Case of Marine Accused of Lying About Sex May Spur 1st Amendment Fight

The U.S. Naval Academy in Annapolis, Md., seen in 2007. Reports of sexual assaults at the three military academies jumped by more than 50 percent in the 2014-15 school year. Kathleen Lange, File/AP
The U.S. Naval Academy in Annapolis, Md., seen in 2007. Reports of sexual assaults at the three military academies jumped by more than 50 percent in the 2014-15 school year. Kathleen Lange, File/AP

Marine Maj. Mark Thompson will face court-martial for the second time in his military career early next year, this time for, among other things, allegedly making false statements to a journalist.

Because of that, court proceedings leading up to the trial may involve a third party: Attorneys for The Washington Post, fighting to keep the reporter, John Woodrow Cox, off the witness stand and his unpublished notes out of evidence.

In an arraignment for Thompson on Monday at Marine Corps Base Quantico, it became clear that the officer's civilian defense attorney, Kevin McDermott, planned to challenge the veracity and completeness of reports by Cox that concluded Thompson lied in denying his alleged intimate involvement with a female Naval Academy midshipman during an administrative board of inquiry hearing in 2014. McDermott noted that the Post had recently published 45 minutes of audio interviews with Thompson on its website.

"We think some of the comments and statements have been taken out of context," McDermott told judge Lt. Col. Christopher Greer.

If attorneys do attempt to bring the reporter's notes and testimony into evidence, motions hearings this fall may become a showdown over reporters' rights under the First Amendment: a hotly contested issue that has seen some journalists go to jail rather than give up sources or privileged information.

All but one U.S. circuit court have upheld a concept of reporter's privilege that protects journalists from testifying about confidential information or sources. It's an issue that made headlines in July, when filmmaker Mark Boal sued the government over its threat to subpoena his interviews with Sgt. Bowe Bergdahl, a former prisoner of war accused of misbehaving before the enemy.

But there's a key difference in this case, McDermott told Boal's lawsuit, he said, was filed in California, which has strong laws protecting journalists. The same protections, he added, do not apply in this case.

"Because this is a military court-martial on federal property, federal laws on reporter privilege would apply," he said. "Under federal law, there is no privilege. You've got two choices: Turn it over or go to jail."

A spokeswoman for The Washington Post, Shani George, declined to comment on the matter.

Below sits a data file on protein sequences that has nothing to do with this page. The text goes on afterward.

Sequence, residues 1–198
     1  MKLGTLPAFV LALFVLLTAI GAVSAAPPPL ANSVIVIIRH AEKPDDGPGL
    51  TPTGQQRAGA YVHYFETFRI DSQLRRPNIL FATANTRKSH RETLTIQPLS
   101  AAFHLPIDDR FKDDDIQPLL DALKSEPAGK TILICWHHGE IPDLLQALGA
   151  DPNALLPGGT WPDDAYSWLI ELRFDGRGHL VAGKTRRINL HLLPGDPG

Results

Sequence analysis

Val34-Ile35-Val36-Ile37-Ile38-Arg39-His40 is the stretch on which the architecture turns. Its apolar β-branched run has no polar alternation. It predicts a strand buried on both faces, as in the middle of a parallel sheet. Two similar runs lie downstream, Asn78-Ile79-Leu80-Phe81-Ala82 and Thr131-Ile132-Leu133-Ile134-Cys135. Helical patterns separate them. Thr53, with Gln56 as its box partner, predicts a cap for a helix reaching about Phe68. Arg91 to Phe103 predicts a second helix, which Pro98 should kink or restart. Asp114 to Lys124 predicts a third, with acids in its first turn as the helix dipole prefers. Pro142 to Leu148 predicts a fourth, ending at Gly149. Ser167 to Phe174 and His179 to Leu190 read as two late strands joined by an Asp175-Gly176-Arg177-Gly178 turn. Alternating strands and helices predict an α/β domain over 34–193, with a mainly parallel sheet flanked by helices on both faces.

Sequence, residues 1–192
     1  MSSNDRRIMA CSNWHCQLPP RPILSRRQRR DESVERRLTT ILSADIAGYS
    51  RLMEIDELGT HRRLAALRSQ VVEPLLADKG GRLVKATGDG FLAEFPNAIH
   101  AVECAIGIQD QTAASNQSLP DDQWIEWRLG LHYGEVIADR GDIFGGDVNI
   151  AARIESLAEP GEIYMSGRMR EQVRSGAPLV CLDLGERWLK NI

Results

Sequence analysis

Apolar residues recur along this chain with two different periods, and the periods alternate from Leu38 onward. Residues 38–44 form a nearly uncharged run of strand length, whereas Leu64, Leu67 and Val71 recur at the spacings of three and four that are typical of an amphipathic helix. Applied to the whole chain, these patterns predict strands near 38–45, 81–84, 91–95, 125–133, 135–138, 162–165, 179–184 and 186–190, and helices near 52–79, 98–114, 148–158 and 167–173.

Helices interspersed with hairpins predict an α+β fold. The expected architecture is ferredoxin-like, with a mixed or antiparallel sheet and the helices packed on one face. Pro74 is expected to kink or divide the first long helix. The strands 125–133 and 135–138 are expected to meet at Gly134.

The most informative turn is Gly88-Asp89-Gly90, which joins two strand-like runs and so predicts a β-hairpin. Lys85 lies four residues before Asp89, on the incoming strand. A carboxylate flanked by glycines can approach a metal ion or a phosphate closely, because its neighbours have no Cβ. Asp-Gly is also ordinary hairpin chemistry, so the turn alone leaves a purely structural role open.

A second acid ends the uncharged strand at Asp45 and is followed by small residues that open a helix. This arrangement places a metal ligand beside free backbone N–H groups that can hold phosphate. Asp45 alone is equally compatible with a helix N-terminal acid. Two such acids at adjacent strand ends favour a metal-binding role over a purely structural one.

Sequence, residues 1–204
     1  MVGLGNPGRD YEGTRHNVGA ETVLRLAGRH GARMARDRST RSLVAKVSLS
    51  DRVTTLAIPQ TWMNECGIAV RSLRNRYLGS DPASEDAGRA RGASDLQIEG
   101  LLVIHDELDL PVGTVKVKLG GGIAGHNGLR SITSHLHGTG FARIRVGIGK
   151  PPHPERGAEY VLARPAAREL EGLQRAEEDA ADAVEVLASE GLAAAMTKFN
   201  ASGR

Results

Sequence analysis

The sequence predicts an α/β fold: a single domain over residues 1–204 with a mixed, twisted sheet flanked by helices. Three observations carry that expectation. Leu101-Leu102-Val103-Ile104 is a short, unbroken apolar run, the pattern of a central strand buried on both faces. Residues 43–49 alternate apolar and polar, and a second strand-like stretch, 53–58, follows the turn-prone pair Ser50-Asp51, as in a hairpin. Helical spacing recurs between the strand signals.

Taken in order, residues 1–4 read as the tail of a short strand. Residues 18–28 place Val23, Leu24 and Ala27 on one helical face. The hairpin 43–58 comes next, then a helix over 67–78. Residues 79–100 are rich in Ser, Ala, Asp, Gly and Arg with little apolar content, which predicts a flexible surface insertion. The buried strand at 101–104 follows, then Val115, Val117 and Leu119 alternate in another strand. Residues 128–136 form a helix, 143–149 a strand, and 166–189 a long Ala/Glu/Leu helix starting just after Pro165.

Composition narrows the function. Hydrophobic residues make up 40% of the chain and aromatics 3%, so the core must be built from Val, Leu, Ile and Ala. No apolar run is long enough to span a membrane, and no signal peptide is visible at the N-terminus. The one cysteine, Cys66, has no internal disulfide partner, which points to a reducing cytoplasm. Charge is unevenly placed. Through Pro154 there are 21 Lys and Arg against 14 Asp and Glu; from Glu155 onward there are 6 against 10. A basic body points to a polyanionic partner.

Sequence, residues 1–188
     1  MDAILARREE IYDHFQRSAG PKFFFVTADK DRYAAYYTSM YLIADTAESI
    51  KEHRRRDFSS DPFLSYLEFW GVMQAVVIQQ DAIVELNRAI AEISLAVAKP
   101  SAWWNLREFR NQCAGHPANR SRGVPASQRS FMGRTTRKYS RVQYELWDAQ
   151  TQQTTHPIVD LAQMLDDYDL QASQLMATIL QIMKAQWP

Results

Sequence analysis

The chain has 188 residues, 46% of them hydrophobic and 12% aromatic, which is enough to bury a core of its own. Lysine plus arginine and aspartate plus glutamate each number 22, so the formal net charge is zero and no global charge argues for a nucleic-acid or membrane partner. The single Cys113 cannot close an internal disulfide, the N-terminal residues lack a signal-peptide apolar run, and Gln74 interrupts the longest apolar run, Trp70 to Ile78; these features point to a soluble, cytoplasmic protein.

Thompson, a former Naval Academy instructor, is charged with false official statement and conduct unbecoming an officer and gentleman. The latter charge includes the specification of giving false statements to The Washington Post, an act that prosecuting attorneys argued was designed to publicly discredit the testimony of the two women who accused him of, among other things, engaging in sexual activity with them while they were midshipmen.

"I think the best analogy is [Thompson] putting up a bunch of pictures or fliers in a neighborhood saying [the accusers] are liars," Maj. Sridhar Babu Kaza told the court in a May fact-finding hearing.

Thompson already served two months and paid a $60,000 fine after being convicted in 2013 of fraternization, indecent conduct, and conduct unbecoming an officer. But he maintained his innocence throughout, and officers concluded at the 2014 BOI hearing that he should be allowed to continue serving as a Marine.

Thompson gave lengthy interviews to The Washington Post in an attempt to clear his name, but an extensive two-part story published in March revealed new evidence -- including text messages from the cell phone of one of the accusers -- that appeared to discredit his earlier testimony.

Kaza said Tuesday that at this point the government does not plan to put Cox on the stand. But McDermott, incredulous, told he doesn't know how the prosecution will make its case without him. He added that he may subpoena the reporter's unpublished notes and recordings for cross-examination if he does appear.

"For right now, across the board, the lawyers [for The Washington Post] have been routinely telling the government they're not going to make Cox available and they're not going to make available any unpublished material by The Washington Post," McDermott said. "I don't know how [the prosecution will] make the case without being able to authenticate any statement made by my client. They can't just throw newspaper articles in front of a jury."

McDermott extensively questioned Greer in court to determine if he knew about the Post reports about Thompson and if he had been swayed by them. Greer acknowledged he had read the stories, but had not formed an opinion.

"I view that as I view any newspaper article," Greer said. "Not with skepticism, but I don't feel that anything stated in there had to be the truth."

Thompson is expected to appear in court for pretrial motions Sept. 13 and 14. His court-martial is set to begin January 9.

-- Hope Hodge Seck can be reached at Follow her on Twitter at@HopeSeck.

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